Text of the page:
The move comes as US forces began launching airstrikes in both Baghdad and the southern oil port of Basra, joining Iraqi forces in their recent effort to cripple Mr. Sadr's militia, which the Pentagon accuses of links to Iran.

The softening of Mr. Maliki's position comes after what started on Tuesday as an operation limited to Basra but quickly escalated into a confrontation with Mr. Sadr's powerful and well-armed militia in Baghdad and most of the predominantly Shiite southern cities. Iraq's Parliament held an emergency session Friday and set up a committee to mediate an end to the deadly clashes that now risk drawing US forces to the government's side in an all-out war that would shatter some of the security gains achieved in recent months.

Maliki's concession also follows a late night meeting on Thursday in Baghdad by Shiite politicians trying to broker a solution to the crisis. Former deputy prime minister Ahmad Chalabi and former prime minister Ibrahim al-Jaafari met members of Parliament from Sadr's political wing, who have labeled Maliki the "new dictator" and call for his resignation. Notably absent from this meeting were senior politicians from the Islamic Supreme Council of Iraq (ISCI) party and its affiliates, which are strongly backing the Maliki-led offensive against its archrival Sadr's armed wing.

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Friday
Mar282008

Pulitzer Prize Winner Hersh: 'U.S. In Real Trouble in Iraq'

When the American government says the US is winning in Iraq and is not torturing prisoners, they are just words, Hersh told his audience of journalism students in Regina, Canada. "We are in real trouble [in Iraq]."

Pointing to the changes reporting has undergone since the Vietnam War, the award-winning journalist explained that reporters are now imbedded with troops who cloud their judgment and therefore do not touch the same kind of issues.

"It has led to a lot of lousy reporting," continued Hersh. "I don't think it is bad for a journalist to come back (from covering a war) and say it s***s."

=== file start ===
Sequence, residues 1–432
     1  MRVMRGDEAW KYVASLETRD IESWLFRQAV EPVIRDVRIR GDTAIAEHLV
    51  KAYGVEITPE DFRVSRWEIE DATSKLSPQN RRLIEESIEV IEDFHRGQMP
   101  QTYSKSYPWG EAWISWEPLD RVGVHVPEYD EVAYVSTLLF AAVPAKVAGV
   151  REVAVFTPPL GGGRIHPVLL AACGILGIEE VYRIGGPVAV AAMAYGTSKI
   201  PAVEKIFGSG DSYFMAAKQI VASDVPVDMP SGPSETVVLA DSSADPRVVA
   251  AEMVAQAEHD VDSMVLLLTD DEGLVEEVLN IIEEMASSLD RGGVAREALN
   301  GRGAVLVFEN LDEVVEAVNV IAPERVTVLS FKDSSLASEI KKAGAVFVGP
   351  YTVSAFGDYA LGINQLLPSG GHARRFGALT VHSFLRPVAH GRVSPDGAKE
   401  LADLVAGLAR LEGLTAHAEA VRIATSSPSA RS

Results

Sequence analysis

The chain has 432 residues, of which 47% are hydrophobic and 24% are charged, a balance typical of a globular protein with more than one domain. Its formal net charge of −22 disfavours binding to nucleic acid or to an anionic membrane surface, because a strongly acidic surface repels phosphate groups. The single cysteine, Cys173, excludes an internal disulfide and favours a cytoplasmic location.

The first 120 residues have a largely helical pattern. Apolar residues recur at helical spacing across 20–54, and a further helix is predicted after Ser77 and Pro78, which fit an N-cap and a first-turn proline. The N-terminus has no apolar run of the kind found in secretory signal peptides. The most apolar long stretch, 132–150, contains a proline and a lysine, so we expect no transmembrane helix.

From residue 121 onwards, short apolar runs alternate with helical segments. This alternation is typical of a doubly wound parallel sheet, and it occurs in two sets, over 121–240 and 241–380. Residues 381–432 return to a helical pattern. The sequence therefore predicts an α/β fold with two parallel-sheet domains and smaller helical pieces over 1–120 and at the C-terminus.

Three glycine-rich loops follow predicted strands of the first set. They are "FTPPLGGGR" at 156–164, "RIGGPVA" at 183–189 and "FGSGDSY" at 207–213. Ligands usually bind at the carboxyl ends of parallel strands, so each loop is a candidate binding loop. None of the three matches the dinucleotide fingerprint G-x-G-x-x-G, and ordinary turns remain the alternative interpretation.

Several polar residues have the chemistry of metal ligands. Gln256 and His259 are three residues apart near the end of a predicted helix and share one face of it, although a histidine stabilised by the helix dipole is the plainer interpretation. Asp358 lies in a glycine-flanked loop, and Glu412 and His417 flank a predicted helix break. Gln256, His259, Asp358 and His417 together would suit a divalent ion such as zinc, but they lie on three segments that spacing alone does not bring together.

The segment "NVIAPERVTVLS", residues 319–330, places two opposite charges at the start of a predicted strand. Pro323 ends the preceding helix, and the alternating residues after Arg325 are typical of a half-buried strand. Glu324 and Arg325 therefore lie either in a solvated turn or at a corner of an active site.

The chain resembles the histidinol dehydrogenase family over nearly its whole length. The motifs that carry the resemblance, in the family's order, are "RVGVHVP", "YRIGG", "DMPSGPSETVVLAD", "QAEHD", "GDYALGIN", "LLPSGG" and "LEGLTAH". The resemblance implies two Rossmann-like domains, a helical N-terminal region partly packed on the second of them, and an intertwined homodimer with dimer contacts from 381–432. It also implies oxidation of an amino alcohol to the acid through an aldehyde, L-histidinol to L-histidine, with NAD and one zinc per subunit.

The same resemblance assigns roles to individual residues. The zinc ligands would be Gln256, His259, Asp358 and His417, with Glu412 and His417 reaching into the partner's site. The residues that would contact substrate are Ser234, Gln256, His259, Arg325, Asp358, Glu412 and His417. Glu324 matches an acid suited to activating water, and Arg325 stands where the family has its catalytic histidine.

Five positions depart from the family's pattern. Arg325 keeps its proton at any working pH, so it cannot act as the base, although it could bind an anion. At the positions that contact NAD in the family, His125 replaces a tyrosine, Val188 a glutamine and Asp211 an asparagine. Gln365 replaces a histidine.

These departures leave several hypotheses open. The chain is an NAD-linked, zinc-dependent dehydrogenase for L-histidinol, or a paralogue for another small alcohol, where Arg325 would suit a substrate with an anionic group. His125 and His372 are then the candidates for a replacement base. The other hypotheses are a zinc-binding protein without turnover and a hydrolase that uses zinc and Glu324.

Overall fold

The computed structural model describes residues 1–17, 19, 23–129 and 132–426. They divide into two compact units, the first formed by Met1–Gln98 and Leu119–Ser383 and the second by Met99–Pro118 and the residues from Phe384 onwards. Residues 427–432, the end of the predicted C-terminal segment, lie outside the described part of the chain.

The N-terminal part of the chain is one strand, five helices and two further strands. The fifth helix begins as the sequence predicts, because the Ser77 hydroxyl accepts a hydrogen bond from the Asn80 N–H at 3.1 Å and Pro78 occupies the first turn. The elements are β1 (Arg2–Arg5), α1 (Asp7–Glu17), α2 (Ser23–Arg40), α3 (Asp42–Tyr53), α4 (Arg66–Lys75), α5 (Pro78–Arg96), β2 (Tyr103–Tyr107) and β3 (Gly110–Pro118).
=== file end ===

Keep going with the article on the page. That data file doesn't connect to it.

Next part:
Hersh said media outlets spread 'fake' news and suggested his audience resort to translations of local media sources when learning about issues concerning the Middle East.

Pulitzer Prize winner Seymour Myron Hersh first gained worldwide recognition in 1969 for exposing the My Lai massacre and its cover-up during the Vietnam War.

 

Friday
Mar282008

Call For New 9/11 Investigation Reaches Crescendo

By Paul J. Watson / Prison Planet

Calls for a new 9/11 inquiry are reaching a crescendo, with well-respected authorities and celebrities alike adding their voices to the cause, as the official 9/11 story crumbles under the weight of revelations of White House ties to the 9/11 Commission, and other cover-ups on behalf of authorities staffed with investigating the attacks.

The corporate media's insistence on ignoring hundreds of professional experts who are calling for a new 9/11 investigation has spurred many celebrities to use their public platforms to speak out, knowing that the press will at least have to address the issue.

The latest to do so is top comedian Margaret Cho, who told the Alex Jones Show yesterday that the public were going to become very angry when it was fully disclosed that the attacks were a conspiracy, concurring with fellow comedian George Carlin who also questioned the official story last year.

The path was trailblazed by Charlie Sheen in March 2006 when he spoke of his doubts about the official story and questioned the collapse of WTC Building 7. Sheen was endlessly smeared for weeks after but he prompted a national debate about 9/11 and the 9/11 Truth Movement enjoyed what many consider to be its most productive year.

In September 2006, former Governor, actor and wrestling star Jesse Ventura questioned 9/11 during an on-camera interview with Alex Jones and also cited Operation Northwoods and the Gulf of Tonkin as examples of how the government has planned and carried out staged war provocations in the past.